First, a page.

Opium cultivation rises in Myanmar
Opium cultivation in Myanmar's northern Shan state has increased dramatically in the past two years, according to a report issued this week by a Thailand-based rights group.
This increase can be attributed to the country's troubled political situation and it has been underestimated in the annual opium surveys of the United Nations Office on Drugs and Crime (UNODC), as the group reports. Opium cultivation seems to be flourishing not in “insurgent and ceasefire areas”, but in areas controlled by Myanmar’s military government, the State Peace and Development Council (SPDC).
Between 2007-2009, the Palaung Women's Organisation conducted field surveys in Namkham and Mantong townships - both fully under the control of SPDC - and found that the total area of opium cultivated increased almost fivefold from 964 hectares in 2006-7 to 4,545 hectares in 2008-9. Shan is at the centre of the 'Golden Triangle', Southeast Asia's major opium-producing region which once accounted for more than 70 percent of the world's supply of heroin but is now far exceeded by Afghanistan.
The country has been labelled as a 'drug eradication success story' when in the mid 1990's measures to reduce opium poppy cultivation by the “Government of Myanmar and local authorities” led to a huge decline in potential opium production, according to UNODC.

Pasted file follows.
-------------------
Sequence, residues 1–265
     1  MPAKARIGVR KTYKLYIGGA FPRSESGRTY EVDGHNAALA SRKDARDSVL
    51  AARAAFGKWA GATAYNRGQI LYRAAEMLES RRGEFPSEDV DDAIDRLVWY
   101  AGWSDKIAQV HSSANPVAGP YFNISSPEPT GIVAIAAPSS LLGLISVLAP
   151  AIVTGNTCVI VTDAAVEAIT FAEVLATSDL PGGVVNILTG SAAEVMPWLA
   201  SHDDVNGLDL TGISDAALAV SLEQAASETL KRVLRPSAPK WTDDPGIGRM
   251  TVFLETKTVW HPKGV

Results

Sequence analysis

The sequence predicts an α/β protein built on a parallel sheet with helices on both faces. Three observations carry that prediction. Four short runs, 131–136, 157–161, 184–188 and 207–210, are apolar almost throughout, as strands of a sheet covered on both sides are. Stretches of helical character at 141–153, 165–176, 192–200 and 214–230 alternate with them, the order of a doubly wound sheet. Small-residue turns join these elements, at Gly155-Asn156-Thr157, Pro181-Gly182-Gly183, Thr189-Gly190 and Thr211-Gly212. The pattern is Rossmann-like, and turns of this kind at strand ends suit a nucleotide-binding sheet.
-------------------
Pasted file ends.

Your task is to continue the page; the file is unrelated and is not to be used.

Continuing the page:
As the Palaung Women's Organisation points out however, the decline in official SPDC and UNODC figures of opium cultivation has been offset by massive production of amphetamine type stimulants (ATS), also known as methamphetamines since 1994 and for which Burma is now the largest producer in Asia.
Using information gathered by the Shan Herald Agency for News (SHAN), an independent media and research group covering the drug issue in Shan State, PWO also report what is actually going on in the areas of Namkahm and Mantong: the military government is turning a blind eye to the opium cultivation for its own purposes.
In its attempt to secure its political power in a country torn by constant conflicts, the regime is pursuing a strategy of increased militarisation in ethnic states to crush ethnic resistance movements. Establishing a network of security infrastructure with Burma Army battalions, police, and pro-government village militia the military government is allowing the latter to engage in illicit income-generating activities in exchange for policing against pro-democracy activity.
Local militia use this newly-found power to extort fees from villagers in exchange for allowing them to grow opium. According to the PWO report, during 2007-8 in Mantong, at least 37 million kyat (US$37,000) in bribes in total were collected from 28 villages.
As PWO points out, the fact that authorities are profiting from drug production is enabling drug abuse to flourish. In one village surveyed in Mantong, it was found that that the percentage of men aged 15 and over addicted to opium increased from 57% in 2007 to 85% in 2009. Around the town of Namkham, heroin addicts flock openly to “drug camps,” and dealers sell heroin and amphetamines from their houses. PWO’s findings thus highlight the structural issues underlying the drug problem in Burma.
In its conclusions, the group draws attention to how the regime’s desire to maintain power at all costs is taking precedence over its stated aims of drug eradication. As they state, 'unless the regime’s militarization strategies are challenged, international funding will make little difference to the drug problem in Burma. A negotiated resolution of the political issues at the root of Burma’s civil war is urgently needed to seriously address the drug scourge which is impacting the region.'
Sources: Poisoned Hills http://www.womenofburma.org/Report/PoisonedHillsFinal.pdf
Reuters:Opium cultivation jumps in northern Myanmar